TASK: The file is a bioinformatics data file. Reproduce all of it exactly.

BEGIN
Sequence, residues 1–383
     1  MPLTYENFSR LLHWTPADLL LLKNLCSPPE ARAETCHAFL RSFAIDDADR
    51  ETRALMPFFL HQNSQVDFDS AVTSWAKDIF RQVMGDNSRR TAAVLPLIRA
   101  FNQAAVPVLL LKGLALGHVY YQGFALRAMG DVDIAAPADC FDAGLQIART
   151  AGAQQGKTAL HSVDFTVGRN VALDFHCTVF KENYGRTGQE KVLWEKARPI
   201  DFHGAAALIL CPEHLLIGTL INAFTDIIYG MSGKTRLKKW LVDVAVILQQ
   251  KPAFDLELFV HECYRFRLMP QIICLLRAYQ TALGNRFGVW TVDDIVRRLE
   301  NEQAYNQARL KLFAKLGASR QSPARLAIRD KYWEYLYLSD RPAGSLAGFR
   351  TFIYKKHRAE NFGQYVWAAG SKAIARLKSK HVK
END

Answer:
Sequence, residues 1–383
     1  MPLTYENFSR LLHWTPADLL LLKNLCSPPE ARAETCHAFL RSFAIDDADR
    51  ETRALMPFFL HQNSQVDFDS AVTSWAKDIF RQVMGDNSRR TAAVLPLIRA
   101  FNQAAVPVLL LKGLALGHVY YQGFALRAMG DVDIAAPADC FDAGLQIART
   151  AGAQQGKTAL HSVDFTVGRN VALDFHCTVF KENYGRTGQE KVLWEKARPI
   201  DFHGAAALIL CPEHLLIGTL INAFTDIIYG MSGKTRLKKW LVDVAVILQQ
   251  KPAFDLELFV HECYRFRLMP QIICLLRAYQ TALGNRFGVW TVDDIVRRLE
   301  NEQAYNQARL KLFAKLGASR QSPARLAIRD KYWEYLYLSD RPAGSLAGFR
   351  TFIYKKHRAE NFGQYVWAAG SKAIARLKSK HVK